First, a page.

It was a roller coaster of a book. It went from three seemingly mismatched tales to this one solid, amazing story. To be honest, the book started with this old man, Leo Gursky, and I didn't like him very much. He seemed down right crazy, and one of those old people that I never want to become. The fact that his old childhood friend from Poland lived in the apartment above him was charming though.
The girl Alma, daughter to the woman whose husband died, wasn't as deep as I would have hoped. She seemed like someone who you started to truly know by the end of the book, which is probably why I didn't want the book to end. Don't get me wrong, I really enjoyed her, but for my own curiosity I want to know what ended up happening between her and Misha, her immigrant friend whom she figured out she was falling in love with, again, at the END of the book. Yarg!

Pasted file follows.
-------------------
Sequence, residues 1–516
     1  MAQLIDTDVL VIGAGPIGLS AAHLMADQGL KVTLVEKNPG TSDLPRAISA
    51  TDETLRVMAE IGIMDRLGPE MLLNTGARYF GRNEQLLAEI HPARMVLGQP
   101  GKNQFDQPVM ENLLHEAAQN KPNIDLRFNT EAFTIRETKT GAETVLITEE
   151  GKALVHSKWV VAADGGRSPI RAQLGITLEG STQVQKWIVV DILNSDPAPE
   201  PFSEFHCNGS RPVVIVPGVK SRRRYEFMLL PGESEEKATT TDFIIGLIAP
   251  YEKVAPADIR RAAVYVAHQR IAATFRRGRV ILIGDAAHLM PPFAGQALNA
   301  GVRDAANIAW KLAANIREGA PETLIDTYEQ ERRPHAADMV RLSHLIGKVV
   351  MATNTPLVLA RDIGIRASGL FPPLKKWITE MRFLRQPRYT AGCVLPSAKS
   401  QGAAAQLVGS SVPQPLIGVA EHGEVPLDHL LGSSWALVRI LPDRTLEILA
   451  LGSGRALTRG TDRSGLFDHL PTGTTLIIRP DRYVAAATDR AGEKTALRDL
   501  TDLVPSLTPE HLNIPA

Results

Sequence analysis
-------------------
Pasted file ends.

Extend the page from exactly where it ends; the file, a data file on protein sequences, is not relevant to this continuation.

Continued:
And the author of the book "The History of Love" within the book "The History of Love" (how complicated is that!?), Litvinoff. What a warped man he turned out to be. I could never print a good friend's work under my name, even if I did have their eulogy at the very end.
The parallels in this book were great. Essentially, Krauss' "The History of Love" was Litvinoff/Gursky's "The History of Love", complete with Leo's eulogy at the very end. It was spectacular, unexpected, and I just know that I want to read it again to catch all the things that I missed.